"Do onto others as you would have others do unto you." That's the Golden Rule. Seems like an unarguable truth for customer service. In fact, when I am helping people improve their customer service, I frequently hear this quote as an example of how to provide great customer service.
In reality, if applied verbatim, the Golden Rule can kill great customer service.
Think about it from your own perspective. Do you REALLY want people to treat you the way THEY want to be treated? Most likely, not. For instance, if I was treating you the way I want to be treated, you might get a big hug from me and be followed around and chatted you up until you leave. (Which for some of you would be sooner rather than later, I imagine.)
If my husband was providing the Golden Rule, he might ignore you until you asked him a direct question. Again, this would work for some of you but certainly not all.
The Golden Rule is somewhat self-centered. It assumes that the way YOU want to be treated is THE way to provide great customer service for everybody. Unfortunately, it doesn't work, because as humans we are so very different from each other in style and preference.
Tony Allesandra has it right. He created the Platinum Rule "Treat others the way they want to be treated."
This outward focused philosophy guarantees great customer service by making each customer interaction uniquely personal.
Here are some personal differences you should consider:
Pace. Is the person someone who needs time to process, or are they quick to respond?
Task or Relationship Based. Does your customer want to spend time chatting about the weather or do they want to get right down to business?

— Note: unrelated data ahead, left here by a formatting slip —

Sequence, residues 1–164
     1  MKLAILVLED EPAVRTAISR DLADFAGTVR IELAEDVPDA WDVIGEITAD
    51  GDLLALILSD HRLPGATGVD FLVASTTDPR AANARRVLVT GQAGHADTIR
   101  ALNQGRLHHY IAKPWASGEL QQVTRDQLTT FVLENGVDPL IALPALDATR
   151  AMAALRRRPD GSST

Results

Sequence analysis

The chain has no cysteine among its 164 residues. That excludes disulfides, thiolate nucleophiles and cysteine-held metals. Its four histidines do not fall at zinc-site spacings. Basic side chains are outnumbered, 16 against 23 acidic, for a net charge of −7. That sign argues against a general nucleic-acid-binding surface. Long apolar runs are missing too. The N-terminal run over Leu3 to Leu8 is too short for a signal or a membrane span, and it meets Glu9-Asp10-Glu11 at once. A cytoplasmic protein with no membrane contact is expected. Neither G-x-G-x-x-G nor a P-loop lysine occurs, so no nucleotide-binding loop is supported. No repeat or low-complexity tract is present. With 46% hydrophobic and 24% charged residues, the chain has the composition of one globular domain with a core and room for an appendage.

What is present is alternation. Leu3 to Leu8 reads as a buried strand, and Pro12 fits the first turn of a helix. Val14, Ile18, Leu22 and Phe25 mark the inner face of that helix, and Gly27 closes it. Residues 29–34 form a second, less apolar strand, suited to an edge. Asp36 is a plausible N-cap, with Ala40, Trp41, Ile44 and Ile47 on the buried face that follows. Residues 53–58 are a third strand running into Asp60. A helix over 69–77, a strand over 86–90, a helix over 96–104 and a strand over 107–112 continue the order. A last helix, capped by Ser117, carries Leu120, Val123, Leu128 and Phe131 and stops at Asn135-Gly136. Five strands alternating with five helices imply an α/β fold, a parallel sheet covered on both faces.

Eye Contact. Does your customer prefer eye contact or do they avoid it? If they don't like eye contact don't stare at them with the hope they will suddenly start giving it back.
Body Language. Does your customer have their arms folded or is their body language open?
Proximity. Is your customer a "close talker" or do they keep their distance?
There are millions of ways that we are different from one another. Make it a goal to minimize the differences between our customer's preferences and our own. Sometimes I get the pushback "I don't want to be a phoney." Think of becoming a Communication Chameleon. Chameleons match their surroundings without becoming a different animal. You can dial your style up or down to match your customer without being untrue to yourself.
The more you live the Platinum Rule "Treat others the way they want to be treated," the better service you will provide. Being observant and modifying your behavior to match your customer will ensure your customer perceives that they have gotten great service. Start using the Platinum Rule today.